New school year, old routines, new opportunities
Wednesday, August 18, 2021
Media Contact: Brian Brus | Agricultural Communications Services | 405-744-6792 | BBrus@okstate.edu
How much does a morning run around the block or sitting down to a family dinner matter when adjusting to college?
As a physical and emotional outlet or part of a well-established routine, such behaviors are invaluable to new college students — their parents, too.
“Back-to-school time usually focuses on students, be it elementary school or college students. But this time of year is exciting and anxious for another group: parents of college students,” said Rachel Morse, Oklahoma State University Extension 4-H youth mental health specialist. “The transition marks a significant life change, one that some parents may have a hard time adjusting to. Your child is still your child but now they are a college student, with new freedoms, decisions and real adult responsibilities.
“A child going off to college means a different routine for parents and a new set of worries. Daily routines and healthy habits we take for granted are more significant than people realize.”
Morse provided tips for parents, many of which are equally valid for adult children moving away:
- Acknowledge your feelings. There’s cause for celebration, but it can feel bittersweet. Change is hard.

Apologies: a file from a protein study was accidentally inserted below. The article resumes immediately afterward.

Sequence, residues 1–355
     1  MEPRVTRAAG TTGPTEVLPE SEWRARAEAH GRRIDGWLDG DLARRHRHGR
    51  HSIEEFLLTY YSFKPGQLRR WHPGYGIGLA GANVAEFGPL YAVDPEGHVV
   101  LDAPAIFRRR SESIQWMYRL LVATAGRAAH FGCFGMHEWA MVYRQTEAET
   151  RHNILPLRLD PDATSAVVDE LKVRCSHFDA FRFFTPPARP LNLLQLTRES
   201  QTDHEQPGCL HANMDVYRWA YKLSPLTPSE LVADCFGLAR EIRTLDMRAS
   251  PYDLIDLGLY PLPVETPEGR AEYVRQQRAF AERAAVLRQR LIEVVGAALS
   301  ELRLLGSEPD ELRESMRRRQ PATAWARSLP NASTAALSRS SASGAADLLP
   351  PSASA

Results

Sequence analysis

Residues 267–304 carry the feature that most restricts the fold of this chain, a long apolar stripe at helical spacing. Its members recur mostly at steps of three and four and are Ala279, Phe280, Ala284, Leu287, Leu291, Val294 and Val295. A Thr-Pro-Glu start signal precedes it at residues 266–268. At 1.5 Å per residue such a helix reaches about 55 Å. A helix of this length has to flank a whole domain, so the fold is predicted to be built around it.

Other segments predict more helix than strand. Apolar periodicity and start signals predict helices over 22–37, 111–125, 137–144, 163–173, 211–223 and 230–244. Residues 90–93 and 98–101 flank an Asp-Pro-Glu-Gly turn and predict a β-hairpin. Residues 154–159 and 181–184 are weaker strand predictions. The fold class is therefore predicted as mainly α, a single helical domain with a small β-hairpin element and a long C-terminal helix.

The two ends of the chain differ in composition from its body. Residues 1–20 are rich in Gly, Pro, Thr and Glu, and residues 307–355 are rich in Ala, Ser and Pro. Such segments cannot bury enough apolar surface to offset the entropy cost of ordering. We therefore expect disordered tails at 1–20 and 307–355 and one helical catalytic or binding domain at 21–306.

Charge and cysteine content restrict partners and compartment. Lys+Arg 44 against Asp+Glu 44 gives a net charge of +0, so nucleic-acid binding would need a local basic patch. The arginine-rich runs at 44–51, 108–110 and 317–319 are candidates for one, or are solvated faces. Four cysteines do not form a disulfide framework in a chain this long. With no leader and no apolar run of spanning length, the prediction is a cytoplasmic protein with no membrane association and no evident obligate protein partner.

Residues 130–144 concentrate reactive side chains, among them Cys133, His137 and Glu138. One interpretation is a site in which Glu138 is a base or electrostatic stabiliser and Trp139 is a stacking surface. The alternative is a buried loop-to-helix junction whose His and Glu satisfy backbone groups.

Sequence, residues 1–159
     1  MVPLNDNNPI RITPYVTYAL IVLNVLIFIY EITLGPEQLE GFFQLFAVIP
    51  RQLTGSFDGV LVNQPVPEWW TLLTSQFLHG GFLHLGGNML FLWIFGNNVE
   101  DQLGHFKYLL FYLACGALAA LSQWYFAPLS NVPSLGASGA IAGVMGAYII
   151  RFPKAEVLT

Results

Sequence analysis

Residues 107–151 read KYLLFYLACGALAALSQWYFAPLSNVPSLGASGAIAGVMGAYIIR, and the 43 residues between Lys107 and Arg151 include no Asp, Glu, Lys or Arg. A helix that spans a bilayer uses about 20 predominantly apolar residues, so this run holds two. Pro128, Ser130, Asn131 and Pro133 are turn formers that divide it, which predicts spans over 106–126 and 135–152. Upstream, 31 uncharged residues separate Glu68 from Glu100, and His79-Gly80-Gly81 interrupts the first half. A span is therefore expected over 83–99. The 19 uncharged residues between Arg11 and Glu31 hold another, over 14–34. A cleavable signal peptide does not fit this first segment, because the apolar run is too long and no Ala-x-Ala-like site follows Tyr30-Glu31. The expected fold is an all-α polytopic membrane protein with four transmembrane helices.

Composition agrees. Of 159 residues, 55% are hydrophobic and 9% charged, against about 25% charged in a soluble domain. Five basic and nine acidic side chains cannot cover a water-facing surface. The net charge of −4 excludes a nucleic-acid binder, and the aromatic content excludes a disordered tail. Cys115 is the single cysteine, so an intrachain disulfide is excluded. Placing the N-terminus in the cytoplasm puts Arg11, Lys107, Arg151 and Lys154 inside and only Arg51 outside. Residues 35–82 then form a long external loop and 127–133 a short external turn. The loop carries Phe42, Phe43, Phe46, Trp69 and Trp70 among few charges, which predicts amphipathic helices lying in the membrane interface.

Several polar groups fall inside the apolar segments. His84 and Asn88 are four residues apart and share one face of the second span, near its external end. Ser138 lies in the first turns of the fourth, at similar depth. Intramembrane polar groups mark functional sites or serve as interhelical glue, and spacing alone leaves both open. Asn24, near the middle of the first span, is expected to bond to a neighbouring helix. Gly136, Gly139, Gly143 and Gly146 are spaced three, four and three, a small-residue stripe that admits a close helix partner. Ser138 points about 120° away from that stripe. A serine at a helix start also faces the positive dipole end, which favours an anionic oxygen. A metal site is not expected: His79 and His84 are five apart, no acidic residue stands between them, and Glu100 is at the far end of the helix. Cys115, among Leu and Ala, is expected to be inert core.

- Set small wellness goals for yourself. When a person is stressed, the body needs good sleep, balanced meals and frequent exercise. Physical maintenance helps emotional management.
- Factor in personal time. Parents may find that becoming an empty-nester is a good opportunity to try something new, like starting a hobby or taking in a movie.
For families with younger siblings still at home, the annual back-to-school experience is fraught with other questions as well, further heightening anxiety. Fortunately, OSU Extension’s Back-To-School Resources page offers tips on several related topics, including how to manage empty nest syndrome for parents and how to deal with children’s anxieties.
As the cliché goes, the only constant in life is change. Successfully helping children work through those changes is something to be proud of.
“A loved one going to college is a tremendous accomplishment. You, as a parent, had a role in that success and that’s something to celebrate,” Morse said.